SO after all these years of supporting companies or evangelists or products which claim to be christian then you find them committing a great big sin or they do not live up to their claims I have come to the conclusion that God wants me only to owe no man nothing but to love him. It is much easier that way and I can spend my thought and emotional energies on other things worth my time like helping those who cannot pay you back.

  2. I do think there are some justifications for not voting in the US: namely, for a lot of people, your vote doesn’t count.

    For most of my life I lived in a state where whoever had an “R” by their name would win by 20+ points. I grew up in a district where the Republican nominee would always win, period, and moved after college to a Congressional district where whoever had a “D” by their name would win by an even larger margin. My current district and municipal elections will always go Democrat and my Congressman has run unopposed in the last few elections, although I’m now in a state where statewide and federal elections do swing back and forth. I always voted, but I’d never hold it against someone who didn’t. I can count on one hand the elections I’ve gotten to vote in where there was anything–a candidate, a ballot issue, an amendment–I had the chance to vote for

    And that’s leaving aside the folks who believe there’s no difference between the two major parties. As my husband likes to say, “Should I vote for the people who will openly dismantle Medicare and Social Security, or the people who will do it quietly in a back room?” I disagree (I think if nothing else there’s a substantial difference in the direction they’d take the Supreme Court, and a few other major differences) but I have to say I’m sympathetic to that view. The two major parties are more similar than different. If we had a parliamentary system a lot more people would have incentives to vote.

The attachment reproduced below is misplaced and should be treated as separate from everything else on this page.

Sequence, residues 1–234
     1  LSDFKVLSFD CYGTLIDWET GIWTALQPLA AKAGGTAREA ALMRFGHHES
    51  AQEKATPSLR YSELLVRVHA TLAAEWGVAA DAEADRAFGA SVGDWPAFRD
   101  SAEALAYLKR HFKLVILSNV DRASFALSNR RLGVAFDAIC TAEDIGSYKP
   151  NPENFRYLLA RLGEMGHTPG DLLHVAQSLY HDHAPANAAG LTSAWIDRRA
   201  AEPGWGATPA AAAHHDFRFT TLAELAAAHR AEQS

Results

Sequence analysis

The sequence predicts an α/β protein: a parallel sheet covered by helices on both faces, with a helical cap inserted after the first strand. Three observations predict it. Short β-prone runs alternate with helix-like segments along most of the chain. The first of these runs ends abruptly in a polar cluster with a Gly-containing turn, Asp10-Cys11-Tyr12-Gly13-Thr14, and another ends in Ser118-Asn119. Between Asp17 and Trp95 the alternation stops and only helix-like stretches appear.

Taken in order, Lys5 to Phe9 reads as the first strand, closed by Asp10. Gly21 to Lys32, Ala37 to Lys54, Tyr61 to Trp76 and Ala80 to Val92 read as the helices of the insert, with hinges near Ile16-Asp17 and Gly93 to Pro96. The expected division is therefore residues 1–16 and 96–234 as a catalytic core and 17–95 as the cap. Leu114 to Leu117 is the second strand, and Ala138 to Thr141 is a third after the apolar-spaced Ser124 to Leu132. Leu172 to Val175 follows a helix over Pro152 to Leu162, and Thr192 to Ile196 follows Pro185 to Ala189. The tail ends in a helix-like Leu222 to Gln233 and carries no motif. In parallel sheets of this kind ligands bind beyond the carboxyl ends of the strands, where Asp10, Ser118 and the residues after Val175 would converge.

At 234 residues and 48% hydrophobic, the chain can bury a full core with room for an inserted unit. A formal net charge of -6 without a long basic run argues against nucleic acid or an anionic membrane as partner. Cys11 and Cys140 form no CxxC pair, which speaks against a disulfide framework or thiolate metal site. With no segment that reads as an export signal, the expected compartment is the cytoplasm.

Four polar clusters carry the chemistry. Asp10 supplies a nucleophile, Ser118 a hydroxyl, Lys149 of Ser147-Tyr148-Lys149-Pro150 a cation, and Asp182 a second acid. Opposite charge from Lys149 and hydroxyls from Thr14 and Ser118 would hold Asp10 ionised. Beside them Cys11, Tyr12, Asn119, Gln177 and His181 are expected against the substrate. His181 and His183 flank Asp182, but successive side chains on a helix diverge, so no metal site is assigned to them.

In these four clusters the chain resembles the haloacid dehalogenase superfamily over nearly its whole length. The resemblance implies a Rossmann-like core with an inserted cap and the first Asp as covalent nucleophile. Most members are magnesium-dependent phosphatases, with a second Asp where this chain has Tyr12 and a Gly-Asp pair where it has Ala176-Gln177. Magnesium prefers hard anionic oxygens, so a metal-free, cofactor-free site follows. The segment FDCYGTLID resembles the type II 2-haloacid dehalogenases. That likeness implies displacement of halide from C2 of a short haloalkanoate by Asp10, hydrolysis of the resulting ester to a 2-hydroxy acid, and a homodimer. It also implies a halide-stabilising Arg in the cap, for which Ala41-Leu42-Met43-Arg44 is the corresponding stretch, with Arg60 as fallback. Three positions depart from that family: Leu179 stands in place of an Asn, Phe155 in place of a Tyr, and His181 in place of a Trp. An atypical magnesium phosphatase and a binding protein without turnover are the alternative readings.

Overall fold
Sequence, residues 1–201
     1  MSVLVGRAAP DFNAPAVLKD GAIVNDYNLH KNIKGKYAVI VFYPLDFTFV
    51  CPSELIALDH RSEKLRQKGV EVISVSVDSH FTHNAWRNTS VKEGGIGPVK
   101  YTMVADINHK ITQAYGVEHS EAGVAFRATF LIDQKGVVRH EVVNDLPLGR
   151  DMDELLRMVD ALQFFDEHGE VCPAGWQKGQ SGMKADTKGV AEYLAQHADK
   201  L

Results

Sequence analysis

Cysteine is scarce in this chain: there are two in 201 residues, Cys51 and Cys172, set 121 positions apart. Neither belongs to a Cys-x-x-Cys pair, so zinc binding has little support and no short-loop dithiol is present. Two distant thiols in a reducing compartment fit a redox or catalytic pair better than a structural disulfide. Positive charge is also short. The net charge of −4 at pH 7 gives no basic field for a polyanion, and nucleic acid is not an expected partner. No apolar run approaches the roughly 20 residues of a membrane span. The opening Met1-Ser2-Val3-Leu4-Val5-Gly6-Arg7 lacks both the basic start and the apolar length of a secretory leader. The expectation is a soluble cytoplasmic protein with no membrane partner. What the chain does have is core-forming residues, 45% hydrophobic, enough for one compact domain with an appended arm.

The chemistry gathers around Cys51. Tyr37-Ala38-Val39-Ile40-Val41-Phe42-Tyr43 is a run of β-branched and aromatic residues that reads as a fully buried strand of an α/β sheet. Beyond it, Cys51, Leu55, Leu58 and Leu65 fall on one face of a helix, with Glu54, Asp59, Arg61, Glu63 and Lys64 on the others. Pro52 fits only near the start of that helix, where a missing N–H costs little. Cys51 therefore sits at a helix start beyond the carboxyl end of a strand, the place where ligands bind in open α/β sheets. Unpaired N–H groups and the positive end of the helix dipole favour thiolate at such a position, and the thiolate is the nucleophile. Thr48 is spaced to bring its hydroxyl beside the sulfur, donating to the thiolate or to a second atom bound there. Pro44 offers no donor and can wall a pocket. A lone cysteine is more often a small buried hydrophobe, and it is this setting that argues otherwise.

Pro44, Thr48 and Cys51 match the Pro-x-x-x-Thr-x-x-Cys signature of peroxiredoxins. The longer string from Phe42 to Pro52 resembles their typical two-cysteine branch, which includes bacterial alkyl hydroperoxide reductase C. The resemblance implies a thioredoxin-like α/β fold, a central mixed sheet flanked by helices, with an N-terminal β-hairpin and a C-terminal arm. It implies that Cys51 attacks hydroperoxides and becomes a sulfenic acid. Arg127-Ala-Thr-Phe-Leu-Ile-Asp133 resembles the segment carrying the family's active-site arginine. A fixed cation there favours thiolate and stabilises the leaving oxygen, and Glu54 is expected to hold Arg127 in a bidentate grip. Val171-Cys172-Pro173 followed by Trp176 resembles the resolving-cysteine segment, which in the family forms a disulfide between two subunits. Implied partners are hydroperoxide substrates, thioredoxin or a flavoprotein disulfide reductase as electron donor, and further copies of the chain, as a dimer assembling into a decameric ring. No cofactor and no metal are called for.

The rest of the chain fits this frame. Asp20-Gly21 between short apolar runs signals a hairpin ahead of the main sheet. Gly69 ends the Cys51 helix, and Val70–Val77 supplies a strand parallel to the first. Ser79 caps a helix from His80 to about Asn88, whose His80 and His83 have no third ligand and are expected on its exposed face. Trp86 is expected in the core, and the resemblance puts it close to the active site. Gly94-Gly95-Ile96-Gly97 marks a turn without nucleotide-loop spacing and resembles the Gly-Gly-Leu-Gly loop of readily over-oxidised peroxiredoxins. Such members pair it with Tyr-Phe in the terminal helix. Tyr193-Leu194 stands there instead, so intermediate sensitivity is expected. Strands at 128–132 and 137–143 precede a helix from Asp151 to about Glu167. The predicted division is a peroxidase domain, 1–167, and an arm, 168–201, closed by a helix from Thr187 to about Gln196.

• Yes, I totally understand that many people feel this way. But that’s not how it’s supposed to be, and it’s what bugs me so much. I mean, just a little more than 50% vote – the other, say, 40%, that’s a large number in politics, a HUGE number, it could change so much. I do agree that the system is not as good as it should be. Just like technology and society changes, the political system should be adjusted to that. the fact that we’re working with an almost ancient and especially outdated system is stupid.

      • Agreed.

        It’s a really sticky problem. The only way out of the malaise I can see is to dismantle the two-party system, because that would force people to compromise and discuss issues in a way they really don’t have to now. But the barriers to entry for a viable third party at the national level are almost impossibly high. The only way I could see it happening would be if one of the two major parties split from within. I could kinda sorta see that happening with the Republicans — the fiscal conservative/Libertarian branch doesn’t inherently have a whole lot in common with the social conservative branch — but both factions of the party have found the coalition useful, and I think they both know that neither part of the Republican party would have enough popular support to have a powerful role in government by itself. The Democrats are kind of all over the map, but I don’t see a coherent way for them to split. If the people and companies who were primarily funding the major parties and their candidates really wanted something like a parliamentary system to happen I think it could, but there’s no benefit for them in that. So things will remain the same for the foreseeable future.